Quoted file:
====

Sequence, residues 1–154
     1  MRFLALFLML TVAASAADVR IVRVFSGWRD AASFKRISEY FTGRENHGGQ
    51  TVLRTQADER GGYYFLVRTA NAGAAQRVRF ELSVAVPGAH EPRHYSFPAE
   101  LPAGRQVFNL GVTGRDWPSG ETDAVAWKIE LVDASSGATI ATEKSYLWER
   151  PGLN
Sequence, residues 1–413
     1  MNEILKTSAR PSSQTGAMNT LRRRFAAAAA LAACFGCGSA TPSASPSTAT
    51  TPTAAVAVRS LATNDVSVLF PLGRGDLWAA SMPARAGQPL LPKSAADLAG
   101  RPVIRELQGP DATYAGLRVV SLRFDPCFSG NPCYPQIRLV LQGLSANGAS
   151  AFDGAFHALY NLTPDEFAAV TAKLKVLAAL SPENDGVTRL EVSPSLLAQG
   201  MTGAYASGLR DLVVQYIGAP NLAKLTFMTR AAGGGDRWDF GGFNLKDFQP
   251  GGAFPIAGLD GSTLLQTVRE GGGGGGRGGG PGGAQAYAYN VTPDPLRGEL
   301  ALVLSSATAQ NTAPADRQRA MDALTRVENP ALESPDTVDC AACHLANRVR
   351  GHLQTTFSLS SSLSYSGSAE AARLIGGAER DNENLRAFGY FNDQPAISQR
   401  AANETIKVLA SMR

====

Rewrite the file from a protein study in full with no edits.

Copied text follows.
Sequence, residues 1–154
     1  MRFLALFLML TVAASAADVR IVRVFSGWRD AASFKRISEY FTGRENHGGQ
    51  TVLRTQADER GGYYFLVRTA NAGAAQRVRF ELSVAVPGAH EPRHYSFPAE
   101  LPAGRQVFNL GVTGRDWPSG ETDAVAWKIE LVDASSGATI ATEKSYLWER
   151  PGLN
Sequence, residues 1–413
     1  MNEILKTSAR PSSQTGAMNT LRRRFAAAAA LAACFGCGSA TPSASPSTAT
    51  TPTAAVAVRS LATNDVSVLF PLGRGDLWAA SMPARAGQPL LPKSAADLAG
   101  RPVIRELQGP DATYAGLRVV SLRFDPCFSG NPCYPQIRLV LQGLSANGAS
   151  AFDGAFHALY NLTPDEFAAV TAKLKVLAAL SPENDGVTRL EVSPSLLAQG
   201  MTGAYASGLR DLVVQYIGAP NLAKLTFMTR AAGGGDRWDF GGFNLKDFQP
   251  GGAFPIAGLD GSTLLQTVRE GGGGGGRGGG PGGAQAYAYN VTPDPLRGEL
   301  ALVLSSATAQ NTAPADRQRA MDALTRVENP ALESPDTVDC AACHLANRVR
   351  GHLQTTFSLS SSLSYSGSAE AARLIGGAER DNENLRAFGY FNDQPAISQR
   401  AANETIKVLA SMR